Are you looking forward to shifting back to days and the desert?

SB: Um, you know, Yes and no. I'm excited to be back on days because it'll be nice to be back on a regular schedule, but it's been really nice not be out in the sun all day every day. But I'm looking forward to it just for the change of scenery and the change of pace and to get to some of the really big big moments in the movie.

That's going to challenge your trainers training right there.

SB: Yeah, exactly! You know I'm really going to have to watch myself and... I'm prepared. I know that I'm really going to get beat up when we hit New Mexico. I've been beat up already you know. Like I said, the first week we had it easy and I think one of the best scenes we've shot so far was the second. The scene where Sean really reveals himself to be maniacal in the car with us was incredibly taxing and so much fun to do. It's sort of the odd thing that when you finish a scene like that, you're so jazzed because you've just gone to such a scared, awful place.

Then when your finished it's like "Yeah! That was great!" You know and again it's the same thing we all sit around and it's like "We're so twisted!" that we're excited about knives in the eye and violence in a scene and the bruises we come home with. It's sort of the big stuff that are make or break moments in the movie. When you walk out of something and you feel like it's just been nailed it's such a good feeling.

So this movie is going to be R-rated? I think that's the consensus.

SB: Ah, yeah. I think that's... Yeah. I think that's definitely the consensus. So you know all of the younger fans that we have are going to have to go see it with their parents. Or you know, someone old enough to buy them tickets. No sneaking! No sneaking. You've got to support... Yeah, totally! You know, and the thing that I think is great is the young kids you know that we all have from various projects in our fan base, will be able to go with their parents because their parents saw the original. So if it was a movie that you really loved when it came out, why not go see how it's been done now. I think it works out kind of cooly because of that.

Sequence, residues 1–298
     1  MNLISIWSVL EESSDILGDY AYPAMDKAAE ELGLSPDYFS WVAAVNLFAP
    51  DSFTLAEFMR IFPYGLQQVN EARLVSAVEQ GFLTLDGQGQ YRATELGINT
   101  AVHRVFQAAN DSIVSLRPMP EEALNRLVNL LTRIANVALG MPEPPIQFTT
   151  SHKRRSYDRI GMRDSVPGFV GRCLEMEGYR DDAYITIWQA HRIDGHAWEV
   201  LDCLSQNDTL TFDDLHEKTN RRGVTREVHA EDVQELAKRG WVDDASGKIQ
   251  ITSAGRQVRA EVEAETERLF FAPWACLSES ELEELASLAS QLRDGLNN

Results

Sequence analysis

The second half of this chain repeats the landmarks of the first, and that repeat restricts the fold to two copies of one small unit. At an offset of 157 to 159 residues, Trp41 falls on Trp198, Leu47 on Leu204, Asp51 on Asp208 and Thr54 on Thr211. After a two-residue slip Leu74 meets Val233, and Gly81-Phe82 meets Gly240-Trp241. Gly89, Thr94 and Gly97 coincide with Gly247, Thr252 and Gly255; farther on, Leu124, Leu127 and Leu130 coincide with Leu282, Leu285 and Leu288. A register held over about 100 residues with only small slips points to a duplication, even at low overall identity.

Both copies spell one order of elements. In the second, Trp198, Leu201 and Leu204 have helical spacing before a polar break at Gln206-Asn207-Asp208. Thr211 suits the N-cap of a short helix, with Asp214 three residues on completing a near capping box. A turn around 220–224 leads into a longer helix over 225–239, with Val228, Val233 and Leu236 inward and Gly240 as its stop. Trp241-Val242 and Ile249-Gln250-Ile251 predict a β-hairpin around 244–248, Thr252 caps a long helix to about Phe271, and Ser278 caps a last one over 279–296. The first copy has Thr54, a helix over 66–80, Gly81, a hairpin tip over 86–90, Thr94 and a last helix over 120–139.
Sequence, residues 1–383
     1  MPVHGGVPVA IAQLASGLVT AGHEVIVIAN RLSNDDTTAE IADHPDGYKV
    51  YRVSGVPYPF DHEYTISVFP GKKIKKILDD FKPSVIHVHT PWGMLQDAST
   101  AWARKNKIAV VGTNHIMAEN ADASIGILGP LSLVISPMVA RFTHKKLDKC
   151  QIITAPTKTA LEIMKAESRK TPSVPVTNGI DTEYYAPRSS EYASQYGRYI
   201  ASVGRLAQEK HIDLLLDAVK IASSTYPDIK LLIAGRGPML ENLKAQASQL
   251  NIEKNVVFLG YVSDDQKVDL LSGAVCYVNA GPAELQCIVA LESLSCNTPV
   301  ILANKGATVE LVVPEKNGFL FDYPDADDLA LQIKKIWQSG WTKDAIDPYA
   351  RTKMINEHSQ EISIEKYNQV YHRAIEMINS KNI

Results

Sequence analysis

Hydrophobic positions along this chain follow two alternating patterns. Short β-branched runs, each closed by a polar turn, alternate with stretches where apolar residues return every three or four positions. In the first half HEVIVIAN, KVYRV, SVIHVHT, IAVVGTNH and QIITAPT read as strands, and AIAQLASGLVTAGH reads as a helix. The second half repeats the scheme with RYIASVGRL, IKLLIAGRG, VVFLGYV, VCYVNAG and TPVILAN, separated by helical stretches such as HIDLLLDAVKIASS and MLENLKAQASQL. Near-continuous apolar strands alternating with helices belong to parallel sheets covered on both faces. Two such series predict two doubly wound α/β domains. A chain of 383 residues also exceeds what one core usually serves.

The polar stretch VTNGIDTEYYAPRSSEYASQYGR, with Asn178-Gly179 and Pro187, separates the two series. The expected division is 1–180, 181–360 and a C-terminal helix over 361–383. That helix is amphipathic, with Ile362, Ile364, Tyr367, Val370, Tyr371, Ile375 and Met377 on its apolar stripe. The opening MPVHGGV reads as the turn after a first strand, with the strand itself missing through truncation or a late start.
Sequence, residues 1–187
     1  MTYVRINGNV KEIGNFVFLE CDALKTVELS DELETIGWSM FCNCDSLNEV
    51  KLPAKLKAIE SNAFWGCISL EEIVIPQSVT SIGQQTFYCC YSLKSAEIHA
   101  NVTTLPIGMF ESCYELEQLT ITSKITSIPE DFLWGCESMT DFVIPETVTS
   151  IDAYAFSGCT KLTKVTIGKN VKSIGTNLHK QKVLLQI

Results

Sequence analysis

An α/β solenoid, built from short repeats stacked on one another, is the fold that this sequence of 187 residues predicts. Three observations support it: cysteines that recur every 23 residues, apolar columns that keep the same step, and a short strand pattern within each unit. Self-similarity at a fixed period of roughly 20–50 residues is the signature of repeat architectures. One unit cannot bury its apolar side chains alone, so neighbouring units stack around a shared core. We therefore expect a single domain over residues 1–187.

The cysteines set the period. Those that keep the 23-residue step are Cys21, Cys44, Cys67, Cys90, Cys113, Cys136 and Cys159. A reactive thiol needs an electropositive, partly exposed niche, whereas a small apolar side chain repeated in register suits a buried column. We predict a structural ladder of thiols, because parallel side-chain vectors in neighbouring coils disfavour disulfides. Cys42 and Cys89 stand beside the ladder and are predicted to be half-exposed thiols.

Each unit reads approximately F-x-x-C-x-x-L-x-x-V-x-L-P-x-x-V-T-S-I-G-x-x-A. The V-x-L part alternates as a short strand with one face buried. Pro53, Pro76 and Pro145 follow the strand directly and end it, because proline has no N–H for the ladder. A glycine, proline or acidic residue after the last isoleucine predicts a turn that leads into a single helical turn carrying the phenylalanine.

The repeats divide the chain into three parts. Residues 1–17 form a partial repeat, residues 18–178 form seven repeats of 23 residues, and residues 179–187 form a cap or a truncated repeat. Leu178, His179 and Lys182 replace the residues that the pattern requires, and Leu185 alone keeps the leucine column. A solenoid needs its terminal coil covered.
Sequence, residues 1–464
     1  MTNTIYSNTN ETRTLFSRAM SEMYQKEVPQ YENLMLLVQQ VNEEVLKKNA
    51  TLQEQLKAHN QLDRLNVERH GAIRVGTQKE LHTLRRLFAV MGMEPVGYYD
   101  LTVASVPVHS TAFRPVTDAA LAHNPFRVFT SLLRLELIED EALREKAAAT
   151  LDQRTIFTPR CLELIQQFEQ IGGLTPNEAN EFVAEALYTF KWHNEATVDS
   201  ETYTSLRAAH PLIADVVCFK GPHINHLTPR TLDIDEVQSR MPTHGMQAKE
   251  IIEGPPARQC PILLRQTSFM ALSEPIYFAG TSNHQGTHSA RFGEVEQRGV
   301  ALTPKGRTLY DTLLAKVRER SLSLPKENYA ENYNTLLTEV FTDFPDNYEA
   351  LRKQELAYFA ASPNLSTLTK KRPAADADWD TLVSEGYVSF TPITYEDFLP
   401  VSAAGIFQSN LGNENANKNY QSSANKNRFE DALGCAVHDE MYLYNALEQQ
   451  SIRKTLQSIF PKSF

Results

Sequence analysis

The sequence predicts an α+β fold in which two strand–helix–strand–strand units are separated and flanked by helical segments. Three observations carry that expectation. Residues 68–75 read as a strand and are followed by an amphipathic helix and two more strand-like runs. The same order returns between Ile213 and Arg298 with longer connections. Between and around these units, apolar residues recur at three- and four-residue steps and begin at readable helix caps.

So they talked about a role reversal a little bit. That you kind of swap roles and your character is a very strong woman. Do you ever have any moments of vulnerability though? Where you really break down and...

SB: Absolutely! Well I think what's been really important and really a crucial element in shooting a movie like this is obviously we shoot very often out of sequence. So you don't have the previous scenes that you've shot to look at when you're moving forward. It's been important for me to map out the emotional journey of this film, because you don't want something just to ramp up. You don't want something to go up and plateau. You want to really be in that position where your naturally vulnerable, and where certain moments, you don't think you can do it. A minute later you're ok, and just when you think your going to make it something else awful happens to you . You know that feels much more real. So the journey for Grace is going from you know, yeah, being a girl who has grown up well spoken and is educated and just cool you know. She can kick it with the guys but she still takes care of herself. She still takes pride in being female.

Being a girl who under normal circumstances would probably be considered, "Yeah, she's a strong girl." but it's when you get taxed, when you get tested, and everything falls apart. I'm really making sure to show that shrinking, and that terror, and those things that would be so difficult as a young woman who's never really been through something like this. Who's had a pretty great life, is pretty happy go lucky, and when the rug gets pulled out from underneath you and you hit the floor, of course your vulnerable. You're terrified. There's a lot of that in the movie but, it's her finding the real strength that she's always sort of thought she had it's finding that and expanding it and developing it and really realizing that she's got it by the end of the movie. It's that sort of thing that's important.

Thank you so much. Thank you for your time.

I'd like to say THANKS AGAIN to Sophia for taking the time out of her busy schedule to talk with us. As she's super hot (not to mention super nice), I wouldn't be surprised if she becomes the next 'IT' girl of 2007. Stick around for our last interview from the set of THE HITCHER remake, as we talk to the great Sean Bean about taking on the role of Ryder for a new generation.